Why the media became less free in America, the Middle East, and China, but freer in Africa
Police officers shove freelance photographer Andrew Kelly to the ground while he taking pictures of demonstrators affiliated with the Occupy Wall Street movement / AP
Here are a few of the countries that, according to watchdog Reporters Without Borders, currently enjoy greater press freedom than the United States: Ghana, South Africa, El Salvador, Niger, Mali, Jamaica, Slovakia, Uruguay, and virtually all of the developed world, from Western Europe to East Asia. Out of 179 countries, the U.S., which found independence and democracy on the back of the printing press, is now the 47th most free. Fortunately, we are still ranked ahead of Latvia and Haiti, though just barely.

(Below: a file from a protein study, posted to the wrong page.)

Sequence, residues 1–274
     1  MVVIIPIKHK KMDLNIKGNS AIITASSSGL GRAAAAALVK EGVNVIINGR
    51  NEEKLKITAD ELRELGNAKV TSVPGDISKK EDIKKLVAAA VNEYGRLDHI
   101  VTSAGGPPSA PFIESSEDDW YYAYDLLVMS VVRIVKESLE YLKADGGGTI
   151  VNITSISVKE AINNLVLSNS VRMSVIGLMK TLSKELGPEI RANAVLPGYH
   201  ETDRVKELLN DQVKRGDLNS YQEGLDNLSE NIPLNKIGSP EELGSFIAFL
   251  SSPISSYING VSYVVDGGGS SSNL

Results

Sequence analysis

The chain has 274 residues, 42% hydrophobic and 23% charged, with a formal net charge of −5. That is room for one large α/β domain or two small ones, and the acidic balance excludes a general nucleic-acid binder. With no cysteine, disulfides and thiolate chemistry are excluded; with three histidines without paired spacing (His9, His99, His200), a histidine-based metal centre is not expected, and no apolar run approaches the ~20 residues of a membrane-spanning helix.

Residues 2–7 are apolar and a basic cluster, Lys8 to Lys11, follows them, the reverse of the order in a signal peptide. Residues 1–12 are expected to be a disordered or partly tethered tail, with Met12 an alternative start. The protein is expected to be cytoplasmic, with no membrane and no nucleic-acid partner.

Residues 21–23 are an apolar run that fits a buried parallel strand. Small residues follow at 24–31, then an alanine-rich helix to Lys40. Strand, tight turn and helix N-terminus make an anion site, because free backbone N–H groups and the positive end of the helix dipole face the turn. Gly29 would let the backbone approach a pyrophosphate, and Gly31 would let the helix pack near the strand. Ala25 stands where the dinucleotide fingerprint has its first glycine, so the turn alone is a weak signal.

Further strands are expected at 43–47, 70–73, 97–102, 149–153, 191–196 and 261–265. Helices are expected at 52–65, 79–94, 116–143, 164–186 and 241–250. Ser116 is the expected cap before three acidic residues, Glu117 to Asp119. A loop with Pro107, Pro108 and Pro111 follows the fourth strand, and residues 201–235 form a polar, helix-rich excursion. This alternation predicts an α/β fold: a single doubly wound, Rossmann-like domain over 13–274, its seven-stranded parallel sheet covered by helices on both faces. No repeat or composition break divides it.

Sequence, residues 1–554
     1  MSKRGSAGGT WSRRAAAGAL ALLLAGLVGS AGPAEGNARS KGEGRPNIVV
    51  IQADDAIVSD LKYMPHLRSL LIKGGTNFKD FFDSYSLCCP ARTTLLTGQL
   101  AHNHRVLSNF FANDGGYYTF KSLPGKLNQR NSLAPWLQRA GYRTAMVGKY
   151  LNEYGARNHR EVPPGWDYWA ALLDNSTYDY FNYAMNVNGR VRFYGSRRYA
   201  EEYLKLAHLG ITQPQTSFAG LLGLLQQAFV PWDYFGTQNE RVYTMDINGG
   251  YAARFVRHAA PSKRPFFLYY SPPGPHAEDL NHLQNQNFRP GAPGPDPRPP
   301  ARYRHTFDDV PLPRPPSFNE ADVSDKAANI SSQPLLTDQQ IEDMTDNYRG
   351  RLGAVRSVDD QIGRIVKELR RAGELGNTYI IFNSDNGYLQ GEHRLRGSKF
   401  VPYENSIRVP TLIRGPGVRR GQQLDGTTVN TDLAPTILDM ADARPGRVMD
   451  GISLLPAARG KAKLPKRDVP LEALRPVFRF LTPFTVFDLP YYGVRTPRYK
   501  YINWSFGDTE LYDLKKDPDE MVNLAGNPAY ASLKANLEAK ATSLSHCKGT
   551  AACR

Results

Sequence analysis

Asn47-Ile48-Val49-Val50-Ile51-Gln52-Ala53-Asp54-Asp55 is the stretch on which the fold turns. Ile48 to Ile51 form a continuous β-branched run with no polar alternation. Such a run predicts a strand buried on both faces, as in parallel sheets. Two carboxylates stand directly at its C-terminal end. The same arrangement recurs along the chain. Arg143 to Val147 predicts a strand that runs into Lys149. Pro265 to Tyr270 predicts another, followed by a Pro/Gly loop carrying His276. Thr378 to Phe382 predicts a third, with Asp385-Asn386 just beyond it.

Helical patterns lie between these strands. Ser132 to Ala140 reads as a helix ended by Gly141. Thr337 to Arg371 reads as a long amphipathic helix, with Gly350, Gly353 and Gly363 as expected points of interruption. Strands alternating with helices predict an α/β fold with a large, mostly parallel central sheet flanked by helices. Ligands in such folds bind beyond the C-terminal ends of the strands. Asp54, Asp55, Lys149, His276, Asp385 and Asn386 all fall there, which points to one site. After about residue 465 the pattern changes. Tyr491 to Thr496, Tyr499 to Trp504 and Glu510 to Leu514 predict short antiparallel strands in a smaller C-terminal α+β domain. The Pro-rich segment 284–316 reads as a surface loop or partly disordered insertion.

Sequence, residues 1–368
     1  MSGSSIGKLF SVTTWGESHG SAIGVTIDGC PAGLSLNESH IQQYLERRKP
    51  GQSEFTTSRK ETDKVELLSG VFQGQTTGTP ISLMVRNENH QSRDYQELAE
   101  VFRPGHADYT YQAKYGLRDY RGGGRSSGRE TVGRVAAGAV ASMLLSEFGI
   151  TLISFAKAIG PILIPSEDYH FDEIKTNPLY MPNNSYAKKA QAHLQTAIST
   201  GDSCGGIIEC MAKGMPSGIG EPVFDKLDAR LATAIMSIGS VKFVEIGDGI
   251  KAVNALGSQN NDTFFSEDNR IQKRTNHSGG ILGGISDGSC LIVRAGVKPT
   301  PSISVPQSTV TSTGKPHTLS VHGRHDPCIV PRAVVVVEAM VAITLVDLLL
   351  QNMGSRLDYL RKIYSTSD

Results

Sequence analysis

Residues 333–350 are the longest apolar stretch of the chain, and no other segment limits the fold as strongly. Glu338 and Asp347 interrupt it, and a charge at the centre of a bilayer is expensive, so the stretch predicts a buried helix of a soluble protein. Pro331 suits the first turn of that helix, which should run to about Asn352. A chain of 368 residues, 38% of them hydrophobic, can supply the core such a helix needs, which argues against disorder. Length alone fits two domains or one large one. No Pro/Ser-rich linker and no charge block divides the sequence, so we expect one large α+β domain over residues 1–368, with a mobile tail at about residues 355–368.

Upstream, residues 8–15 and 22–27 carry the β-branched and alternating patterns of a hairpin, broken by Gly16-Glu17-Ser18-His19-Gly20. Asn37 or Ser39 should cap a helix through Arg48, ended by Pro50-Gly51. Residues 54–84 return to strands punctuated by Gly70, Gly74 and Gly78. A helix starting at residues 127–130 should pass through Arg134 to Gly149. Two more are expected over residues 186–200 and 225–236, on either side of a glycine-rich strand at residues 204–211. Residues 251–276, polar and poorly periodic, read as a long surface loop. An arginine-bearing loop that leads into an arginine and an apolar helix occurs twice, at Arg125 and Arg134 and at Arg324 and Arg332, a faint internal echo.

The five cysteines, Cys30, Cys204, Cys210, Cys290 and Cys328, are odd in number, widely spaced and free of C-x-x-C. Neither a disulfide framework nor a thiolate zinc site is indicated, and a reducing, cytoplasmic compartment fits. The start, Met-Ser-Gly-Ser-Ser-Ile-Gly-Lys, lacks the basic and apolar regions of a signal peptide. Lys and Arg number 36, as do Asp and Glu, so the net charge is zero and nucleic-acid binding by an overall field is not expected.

Reporters Without Borders' just-out World Press Freedom Index, which uses a complex point system to track and compare journalistic freedoms, describes a number of countries eroding those rights in the past year, including the U.S. Our own ranking dropped to 47th place from 20th the year before. According to the report, the decline came as police cracked down on journalists who were covering mass gatherings, often as part of the "occupy" movements. Here's the Reporters Without Borders report:
The crackdown on protest movements and the accompanying excesses took their toll on journalists. In the space of two months in the United States, more than 25 were subjected to arrests and beatings at the hands of police who were quick to issue indictments for inappropriate behaviour, public nuisance or even lack of accreditation.
Just Wednesday, the New York Times complained that New York City police have been physically obstructing photographers to prevent them from documenting arrests. Representatives from 13 different news organizations signed a letter deploring police restrictions on the media.